An interview with Patrik Andersson, by Callum McFadden for WFi.
You started your career at Malmö in your native Sweden before moving to the Premier League with Blackburn Rovers. How do you reflect on your early years within the game?
“I was playing in the youth national teams from a young age and Roy Hodgson was the manager who brought me to Malmö at 17.
“My father was a footballer at Malmö for sixteen years and for the Sweden national team also. He advised me all the way and encouraged me to grasp my opportunity at Malmö.
“Roy had great confidence in me and played me regularly as a teenager which helped me develop my game.
“He was a good role model who had won league titles in Sweden prior to joining Malmö. He is very well respected in Swedish football.
“His contribution to the game was vital. He also kept his distance from his players but could teach you too. He expected the best in every training session and had strong knowledge of football.
“I played well at Malmö under him and I played well at the 1992 European Championship which led to interest in me from a few British clubs including Manchester United and Leeds as well as Blackburn.
“However, once I met Kenny Dalglish, I wanted to join Blackburn Rovers and work with him. I grew up watching British football and it was the start of the Premier League era.
“It was an exciting time and something new for football in the U.K. I enjoyed my time in English football. The crowds were passionate and you could sense the direction that the Premier League was starting to head in.”
You moved to Borussia Mönchengladbach in 1993. What led to you moving to German football?
“I was originally a midfielder in Sweden whereas, in the national team, I played at centre half. I did not have regular opportunities to play in that position at Blackburn.
“So for me, it was important to play every week and Borussia Mönchengladbach offered me that opportunity.”
Within 18 months of arriving in Germany, you won the German Cup. What was that cup run like and what are your memories of the final in Berlin against Wolfsburg, as well as your time at the club as a whole?
“When I signed for Borussia Mönchengladbach, they were struggling at the wrong end of the table. We then won five games in a row and went on a great run.
“We were a team with lots of potential with quality players such as our forwards Stefan Effenberg, Martin Dahlin and Heiko Herrlich.
“Over 34 games we were not consistent enough in the league but in the cup we were very good and defeated strong opposition on our way to winning the cup.
“Winning the German cup meant a lot to me. You can compare it with winning the English FA Cup because Germany is a football-mad nation just like England. Playing at the Olympiastadion in Berlin was also special.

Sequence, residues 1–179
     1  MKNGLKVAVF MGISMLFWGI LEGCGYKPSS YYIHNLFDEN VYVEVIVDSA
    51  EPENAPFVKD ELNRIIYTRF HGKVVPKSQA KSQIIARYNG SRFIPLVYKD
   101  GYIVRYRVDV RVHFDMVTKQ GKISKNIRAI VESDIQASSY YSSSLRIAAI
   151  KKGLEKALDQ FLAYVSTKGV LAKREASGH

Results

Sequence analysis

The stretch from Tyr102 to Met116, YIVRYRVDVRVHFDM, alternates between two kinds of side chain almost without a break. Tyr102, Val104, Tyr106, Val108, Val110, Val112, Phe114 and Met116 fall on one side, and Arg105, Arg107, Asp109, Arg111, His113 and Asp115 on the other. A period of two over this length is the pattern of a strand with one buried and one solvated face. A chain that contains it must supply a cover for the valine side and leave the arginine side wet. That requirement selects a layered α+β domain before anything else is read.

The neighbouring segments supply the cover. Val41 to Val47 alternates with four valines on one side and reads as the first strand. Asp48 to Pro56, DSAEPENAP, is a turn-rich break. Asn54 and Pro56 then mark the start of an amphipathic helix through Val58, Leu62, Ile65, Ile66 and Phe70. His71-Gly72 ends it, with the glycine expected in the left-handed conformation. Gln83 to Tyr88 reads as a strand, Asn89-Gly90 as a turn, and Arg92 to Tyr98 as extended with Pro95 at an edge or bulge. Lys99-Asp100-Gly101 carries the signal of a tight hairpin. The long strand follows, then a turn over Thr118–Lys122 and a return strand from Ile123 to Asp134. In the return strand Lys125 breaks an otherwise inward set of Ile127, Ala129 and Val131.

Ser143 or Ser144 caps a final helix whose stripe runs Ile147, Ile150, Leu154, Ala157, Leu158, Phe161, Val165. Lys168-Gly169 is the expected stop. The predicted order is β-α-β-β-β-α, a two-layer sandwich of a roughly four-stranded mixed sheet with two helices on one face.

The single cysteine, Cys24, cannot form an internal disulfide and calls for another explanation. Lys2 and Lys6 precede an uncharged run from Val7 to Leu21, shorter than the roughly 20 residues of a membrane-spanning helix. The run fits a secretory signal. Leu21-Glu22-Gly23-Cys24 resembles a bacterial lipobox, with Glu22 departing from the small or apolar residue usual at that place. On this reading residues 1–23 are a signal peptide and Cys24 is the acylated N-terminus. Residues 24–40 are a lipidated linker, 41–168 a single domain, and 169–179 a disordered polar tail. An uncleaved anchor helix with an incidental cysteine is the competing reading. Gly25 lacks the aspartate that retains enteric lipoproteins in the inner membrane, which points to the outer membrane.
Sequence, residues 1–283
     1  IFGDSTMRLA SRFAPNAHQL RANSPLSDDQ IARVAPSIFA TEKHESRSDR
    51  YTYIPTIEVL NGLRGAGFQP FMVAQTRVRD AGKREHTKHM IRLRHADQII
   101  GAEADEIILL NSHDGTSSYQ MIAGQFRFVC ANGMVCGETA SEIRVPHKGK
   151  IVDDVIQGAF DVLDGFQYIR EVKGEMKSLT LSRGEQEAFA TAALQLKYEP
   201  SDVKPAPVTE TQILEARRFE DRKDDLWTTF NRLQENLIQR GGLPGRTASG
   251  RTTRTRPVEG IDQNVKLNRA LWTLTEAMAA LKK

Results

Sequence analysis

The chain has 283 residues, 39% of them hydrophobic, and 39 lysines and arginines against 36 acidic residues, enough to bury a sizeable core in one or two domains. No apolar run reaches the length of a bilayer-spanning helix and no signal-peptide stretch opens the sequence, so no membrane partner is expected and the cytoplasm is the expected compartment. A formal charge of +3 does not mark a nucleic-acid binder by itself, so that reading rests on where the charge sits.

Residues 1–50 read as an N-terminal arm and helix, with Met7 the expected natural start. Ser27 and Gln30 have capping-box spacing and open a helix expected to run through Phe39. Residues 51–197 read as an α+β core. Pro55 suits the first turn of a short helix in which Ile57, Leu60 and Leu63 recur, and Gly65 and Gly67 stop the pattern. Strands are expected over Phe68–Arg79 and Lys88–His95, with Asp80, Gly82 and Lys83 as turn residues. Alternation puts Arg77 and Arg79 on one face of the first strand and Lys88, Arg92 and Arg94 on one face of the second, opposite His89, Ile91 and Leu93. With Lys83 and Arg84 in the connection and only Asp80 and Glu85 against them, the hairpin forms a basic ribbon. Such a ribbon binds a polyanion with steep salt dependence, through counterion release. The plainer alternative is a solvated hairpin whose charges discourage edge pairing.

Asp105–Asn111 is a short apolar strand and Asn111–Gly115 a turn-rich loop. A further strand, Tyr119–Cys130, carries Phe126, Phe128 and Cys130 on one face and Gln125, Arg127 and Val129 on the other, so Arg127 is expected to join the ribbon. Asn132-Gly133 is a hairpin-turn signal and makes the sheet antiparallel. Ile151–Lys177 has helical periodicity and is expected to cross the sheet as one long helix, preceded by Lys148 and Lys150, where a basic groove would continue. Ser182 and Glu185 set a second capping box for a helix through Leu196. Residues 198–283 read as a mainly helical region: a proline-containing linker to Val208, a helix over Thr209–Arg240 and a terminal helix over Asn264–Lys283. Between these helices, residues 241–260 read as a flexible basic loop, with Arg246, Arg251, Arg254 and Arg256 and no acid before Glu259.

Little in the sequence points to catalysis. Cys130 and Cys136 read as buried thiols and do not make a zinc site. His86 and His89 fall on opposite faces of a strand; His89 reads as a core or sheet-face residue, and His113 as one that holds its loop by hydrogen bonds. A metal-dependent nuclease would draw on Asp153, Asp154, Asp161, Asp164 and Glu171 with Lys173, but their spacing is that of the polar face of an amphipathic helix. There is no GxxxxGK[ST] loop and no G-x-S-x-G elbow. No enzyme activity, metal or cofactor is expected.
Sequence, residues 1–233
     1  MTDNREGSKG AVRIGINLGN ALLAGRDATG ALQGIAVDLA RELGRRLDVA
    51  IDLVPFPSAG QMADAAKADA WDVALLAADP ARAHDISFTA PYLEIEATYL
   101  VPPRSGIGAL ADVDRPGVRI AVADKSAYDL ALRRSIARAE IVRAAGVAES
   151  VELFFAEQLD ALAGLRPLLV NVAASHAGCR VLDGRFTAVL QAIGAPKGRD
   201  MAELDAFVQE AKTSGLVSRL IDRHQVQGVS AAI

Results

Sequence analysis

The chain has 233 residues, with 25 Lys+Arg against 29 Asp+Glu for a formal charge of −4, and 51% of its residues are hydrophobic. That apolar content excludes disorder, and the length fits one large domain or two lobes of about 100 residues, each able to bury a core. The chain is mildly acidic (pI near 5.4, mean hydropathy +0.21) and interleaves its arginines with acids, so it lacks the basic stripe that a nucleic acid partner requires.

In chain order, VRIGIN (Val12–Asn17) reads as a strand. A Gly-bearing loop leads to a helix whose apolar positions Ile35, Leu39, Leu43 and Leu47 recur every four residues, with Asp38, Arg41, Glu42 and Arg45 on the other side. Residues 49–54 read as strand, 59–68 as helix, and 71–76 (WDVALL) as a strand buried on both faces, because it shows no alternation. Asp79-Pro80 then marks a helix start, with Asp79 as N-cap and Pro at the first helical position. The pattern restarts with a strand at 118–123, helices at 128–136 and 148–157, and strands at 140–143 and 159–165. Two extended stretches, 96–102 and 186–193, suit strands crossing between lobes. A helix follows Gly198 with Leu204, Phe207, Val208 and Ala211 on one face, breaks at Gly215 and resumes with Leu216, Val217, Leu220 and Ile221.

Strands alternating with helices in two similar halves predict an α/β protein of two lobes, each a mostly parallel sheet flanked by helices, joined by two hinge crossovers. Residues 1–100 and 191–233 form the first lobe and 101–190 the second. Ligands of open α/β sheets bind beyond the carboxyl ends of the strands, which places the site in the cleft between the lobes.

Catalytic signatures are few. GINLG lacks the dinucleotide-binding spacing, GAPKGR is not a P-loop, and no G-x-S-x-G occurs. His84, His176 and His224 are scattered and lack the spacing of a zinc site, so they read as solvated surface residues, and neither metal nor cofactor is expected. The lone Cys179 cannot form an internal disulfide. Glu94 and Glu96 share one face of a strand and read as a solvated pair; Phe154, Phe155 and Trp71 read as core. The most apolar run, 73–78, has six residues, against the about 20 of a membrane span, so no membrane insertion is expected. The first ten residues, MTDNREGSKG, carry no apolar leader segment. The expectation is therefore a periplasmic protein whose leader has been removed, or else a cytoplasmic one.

“I only have great memories of that day.
“Following the cup final, we went on to play two consecutive seasons in Europe. We had some great years at the club.
“Unfortunately, the Bosman ruling was not in the favour of a club like Borussia Mönchengladbach because it became more difficult to compete. We did not have the same assets as the traditional big clubs and the gap to the top became vast.
“I signed a long term deal with Gladbach in 1995 which lasted until 2000. I actually could have joined Real Madrid in the summer of 1997 under Jupp Heynckes but the club would not allow me to leave and I reluctantly chose to stay at the club following discussions with them.
“However, when we were relegated in 1999, that changed everything and I had to move on.”
You joined Bayern Munich in 1999. How did it feel to join such a historic and well-known football club?
“It was an exciting time. Bayern is a club that all players in Germany want to join. It is the main destination.
“I won two Bundesliga titles, another German Cup and two League Cups at Bayern.
“I’ll always remember my first conversation with Bayern coach Ottmar Hitzfeld. He told me that he could not promise me anything and that I would only play if I earned my place.
“I came to the team when they had just won the domestic title by 14 points and lost the Champions League final in 1999 to Manchester United in Camp Nou. That game on paper should have been 3-0 to Bayern rather than 2-1 to Manchester United but it shows you how unpredictable football can be.
“I joined Bayern to compete for major trophies and to prove myself against the best in training and also in games. That was my motivation for joining the club. I always backed myself to succeed.
“The mentality and the tradition of the club is ruthless. It is you against the rest of Germany. That is how it feels.”
In addition to multiple domestic honours, you also won the Champions League in 2001 against Valencia at San Siro. Can you put into words what it is like to win European football’s premier competition?
“The whole run was superb. We played against Arsenal in the group phase, beat Manchester United in both legs during the knockout phase and defeated Real Madrid in both legs to reach the final against Valencia.